TAGS: #closing #lien #termite #renter #realestateattorney #homeownersassociationdues #propertytaxes #payoff #underwater #mortgage #interestrate

January 19, 2011

What Can Go Wrong During a Real Estate Deal?

Hi Folks,

   Glad to be back with you, and I hope you're week has been smooth sailing so far !

   Now, to take a look at some things that can go wrong and dampen your spirits, today we are looking at the wide spectrum of things that can go wrong during a Real Estate Sale. For the purpose of this story, I broke this down into 3 categories: Interpersonal Issues, Foreclosure-Related Issues, and all Other Issues that do not fall into the other two categories.

   Human beings tend to fudge things up on their own without much help. "The worst problem I ever encountered in a real estate deal arose from the Sellers trying to be nice people and letting the Buyer stay in the house the weekend before the closing", says Michael D. Caccavo, an attorney in Vermont. As Caccavo explains, " The Buyers got in, found a lot of problems that they hadn't noticed during inspection, and most of all claimed the plumbing, which was mostly galvanized pipe, needed to be replaced with copper. They raised the issues over the weekend, and continued pressing for concessions during the closing, including several long conversations with the realtor who was away on vacation. The closing took 4 hours instead of 1 and the realtor caved and gave back a lot of commission to the buyer just to make the deal happen". Learning a hard lesson, he says, "Never again will I allow a client to let the buyer stay in the property before closing".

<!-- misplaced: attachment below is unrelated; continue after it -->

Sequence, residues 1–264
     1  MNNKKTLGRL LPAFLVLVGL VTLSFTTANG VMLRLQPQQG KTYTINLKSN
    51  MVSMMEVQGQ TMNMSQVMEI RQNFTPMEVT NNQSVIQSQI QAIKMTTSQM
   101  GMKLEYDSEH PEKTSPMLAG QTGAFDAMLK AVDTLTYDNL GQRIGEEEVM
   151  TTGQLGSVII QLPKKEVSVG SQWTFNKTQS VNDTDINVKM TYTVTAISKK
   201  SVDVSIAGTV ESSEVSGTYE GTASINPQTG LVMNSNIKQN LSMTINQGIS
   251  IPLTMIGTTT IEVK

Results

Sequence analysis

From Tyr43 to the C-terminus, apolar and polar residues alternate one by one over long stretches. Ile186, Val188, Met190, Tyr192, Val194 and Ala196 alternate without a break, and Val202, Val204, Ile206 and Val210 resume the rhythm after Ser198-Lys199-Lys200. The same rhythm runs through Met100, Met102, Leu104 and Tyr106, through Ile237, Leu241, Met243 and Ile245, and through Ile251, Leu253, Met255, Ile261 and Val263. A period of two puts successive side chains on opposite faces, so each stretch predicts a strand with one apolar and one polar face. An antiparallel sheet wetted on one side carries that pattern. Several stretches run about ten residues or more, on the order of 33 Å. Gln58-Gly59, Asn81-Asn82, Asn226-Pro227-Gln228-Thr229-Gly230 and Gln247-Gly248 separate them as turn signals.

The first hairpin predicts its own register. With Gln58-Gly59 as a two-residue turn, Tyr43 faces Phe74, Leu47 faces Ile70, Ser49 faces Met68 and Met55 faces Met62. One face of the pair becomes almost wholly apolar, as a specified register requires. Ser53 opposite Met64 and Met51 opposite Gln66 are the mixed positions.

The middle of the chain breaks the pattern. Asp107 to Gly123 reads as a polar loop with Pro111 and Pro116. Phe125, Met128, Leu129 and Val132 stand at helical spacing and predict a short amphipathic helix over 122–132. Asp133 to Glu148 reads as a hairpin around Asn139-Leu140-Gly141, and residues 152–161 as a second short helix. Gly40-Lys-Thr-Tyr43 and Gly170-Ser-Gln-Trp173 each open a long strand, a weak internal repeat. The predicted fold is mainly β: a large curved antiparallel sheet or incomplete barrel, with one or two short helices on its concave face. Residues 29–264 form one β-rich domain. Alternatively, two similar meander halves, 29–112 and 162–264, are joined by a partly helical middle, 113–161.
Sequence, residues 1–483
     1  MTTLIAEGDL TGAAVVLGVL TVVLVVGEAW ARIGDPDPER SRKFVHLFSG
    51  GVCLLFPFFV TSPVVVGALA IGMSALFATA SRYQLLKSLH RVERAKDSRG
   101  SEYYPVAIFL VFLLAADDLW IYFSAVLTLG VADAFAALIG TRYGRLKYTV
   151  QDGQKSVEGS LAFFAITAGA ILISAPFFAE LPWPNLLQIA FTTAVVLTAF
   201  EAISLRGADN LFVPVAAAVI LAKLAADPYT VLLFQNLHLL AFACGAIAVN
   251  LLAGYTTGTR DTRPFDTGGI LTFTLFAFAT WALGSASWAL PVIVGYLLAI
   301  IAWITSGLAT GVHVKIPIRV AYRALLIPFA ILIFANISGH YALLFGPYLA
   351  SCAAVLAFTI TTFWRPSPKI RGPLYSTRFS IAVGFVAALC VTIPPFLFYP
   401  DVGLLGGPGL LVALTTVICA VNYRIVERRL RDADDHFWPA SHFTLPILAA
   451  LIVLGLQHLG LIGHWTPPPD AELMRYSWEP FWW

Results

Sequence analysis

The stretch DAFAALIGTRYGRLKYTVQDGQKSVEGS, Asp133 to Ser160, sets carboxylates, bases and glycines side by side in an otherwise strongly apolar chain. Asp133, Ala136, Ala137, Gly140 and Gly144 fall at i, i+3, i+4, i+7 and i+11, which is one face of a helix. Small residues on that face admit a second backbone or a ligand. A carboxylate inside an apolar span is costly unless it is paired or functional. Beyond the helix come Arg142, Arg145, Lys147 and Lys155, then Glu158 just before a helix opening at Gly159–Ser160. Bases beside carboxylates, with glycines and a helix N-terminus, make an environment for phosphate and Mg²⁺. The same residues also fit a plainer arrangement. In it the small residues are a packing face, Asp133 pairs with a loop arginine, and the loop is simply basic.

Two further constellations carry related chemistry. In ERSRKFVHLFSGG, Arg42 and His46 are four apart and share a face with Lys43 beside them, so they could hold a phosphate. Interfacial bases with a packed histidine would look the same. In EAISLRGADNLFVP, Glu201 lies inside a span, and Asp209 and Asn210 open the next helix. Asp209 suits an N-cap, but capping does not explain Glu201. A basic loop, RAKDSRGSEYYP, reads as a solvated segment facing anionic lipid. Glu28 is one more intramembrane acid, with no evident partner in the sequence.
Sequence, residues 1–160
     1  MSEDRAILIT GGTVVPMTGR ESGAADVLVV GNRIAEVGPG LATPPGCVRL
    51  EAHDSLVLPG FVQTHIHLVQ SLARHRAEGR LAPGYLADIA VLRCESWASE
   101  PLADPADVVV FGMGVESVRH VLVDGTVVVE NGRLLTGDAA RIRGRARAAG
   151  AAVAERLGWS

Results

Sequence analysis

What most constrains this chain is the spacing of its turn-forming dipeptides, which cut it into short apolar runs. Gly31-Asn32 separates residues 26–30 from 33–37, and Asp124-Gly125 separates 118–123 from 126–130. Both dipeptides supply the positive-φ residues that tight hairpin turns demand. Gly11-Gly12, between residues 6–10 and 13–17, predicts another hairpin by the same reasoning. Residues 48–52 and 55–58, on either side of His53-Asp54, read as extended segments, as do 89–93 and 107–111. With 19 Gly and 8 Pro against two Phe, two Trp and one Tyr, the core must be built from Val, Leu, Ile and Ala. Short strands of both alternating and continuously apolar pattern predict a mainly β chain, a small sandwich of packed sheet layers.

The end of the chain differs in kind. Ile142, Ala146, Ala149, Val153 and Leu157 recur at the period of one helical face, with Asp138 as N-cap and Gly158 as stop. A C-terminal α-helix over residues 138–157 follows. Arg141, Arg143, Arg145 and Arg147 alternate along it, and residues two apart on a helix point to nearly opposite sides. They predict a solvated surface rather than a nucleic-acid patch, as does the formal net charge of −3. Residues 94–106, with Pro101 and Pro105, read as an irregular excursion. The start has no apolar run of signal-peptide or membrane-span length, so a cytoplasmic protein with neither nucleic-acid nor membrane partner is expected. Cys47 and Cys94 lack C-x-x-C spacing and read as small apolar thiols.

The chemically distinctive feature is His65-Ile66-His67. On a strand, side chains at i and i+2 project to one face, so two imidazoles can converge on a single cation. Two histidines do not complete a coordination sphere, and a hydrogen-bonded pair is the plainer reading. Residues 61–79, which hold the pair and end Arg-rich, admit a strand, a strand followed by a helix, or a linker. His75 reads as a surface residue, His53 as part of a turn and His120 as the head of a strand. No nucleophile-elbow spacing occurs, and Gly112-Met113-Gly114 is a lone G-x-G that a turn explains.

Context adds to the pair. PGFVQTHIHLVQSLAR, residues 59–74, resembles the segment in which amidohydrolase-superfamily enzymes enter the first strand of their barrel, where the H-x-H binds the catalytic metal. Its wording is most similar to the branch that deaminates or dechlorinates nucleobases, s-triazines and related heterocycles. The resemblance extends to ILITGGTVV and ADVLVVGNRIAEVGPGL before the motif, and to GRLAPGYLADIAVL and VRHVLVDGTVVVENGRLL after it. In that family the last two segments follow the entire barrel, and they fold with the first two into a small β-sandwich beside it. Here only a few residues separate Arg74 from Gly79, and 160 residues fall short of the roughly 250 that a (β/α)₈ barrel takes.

Vickie Smith of Ark Essentials Publishing says that she had a bad experience she bought a home and then the previous owner took over a month to vacate, and she says that during that time, "we were paying the mortgage and he lived there rent free. After two months he picked up his Bully Barn. We should've had some stipulation that he paid $x per day until he totally vacated!". Adam Kruse, a Broker with The Hermann London Group, says that he had someone who had to postpone their divorce at the last minute so the sale of their home could go through before the foreclosure happened, and he says that, "it was a really touchy deal, and we actually ended up closing it."

   Jennifer De Vivo, a Realtor with the De Vivo Team at Charles Rutenburg Realty, provides some things that can and will go wrong sometimes with Foreclosure-Related deals. As De Vivo, says, "Foreclosures cause people to do funny things that can ruin months of work in an instant". De Vivo describes one of the worst stories she has come across: "Once a week out before closing a vandal busted the garage door open. At first it was a dent, but then they came back and practically destroyed it leaving it hanging horizontally. The worst of it was that when I called the listing agent (I represented the buyer), they did absolutely nothing. I took matters into my own hands and pasted no trespassing signs in bright orange throughout the home exterior. My husband and partner went with one of our helpful investor clients and righted the garage door. My buyers were troopers through it all and still bought the home which was in foreclosure and the absentee owner was oversees.

   De Vivo also describes another incident: "We had another incident where we represented a buyer in a short sale situation. We closed on a home on a Friday, and over the weekend the original owner came in and stole the entire kitchen and bathroom vanities, even the toilets! Luckily my partner called the title company on Monday morning minutes before the title had been filed and was able to cancel the deal and get our clients' money back. Whew!"

   As a Real Estate Investor, Jeff Swaney has come across additional issues during Real Estate deals.